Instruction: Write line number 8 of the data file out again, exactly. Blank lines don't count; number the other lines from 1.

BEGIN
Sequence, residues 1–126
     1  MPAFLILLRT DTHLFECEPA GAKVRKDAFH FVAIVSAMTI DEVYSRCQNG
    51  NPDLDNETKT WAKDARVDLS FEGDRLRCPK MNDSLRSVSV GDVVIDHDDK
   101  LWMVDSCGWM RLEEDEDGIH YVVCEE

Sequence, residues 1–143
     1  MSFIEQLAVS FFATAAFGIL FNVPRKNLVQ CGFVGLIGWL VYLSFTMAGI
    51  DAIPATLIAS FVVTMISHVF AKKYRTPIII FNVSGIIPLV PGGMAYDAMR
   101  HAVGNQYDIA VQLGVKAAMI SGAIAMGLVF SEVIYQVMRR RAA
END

   101  HAVGNQYDIA VQLGVKAAMI SGAIAMGLVF SEVIYQVMRR RAA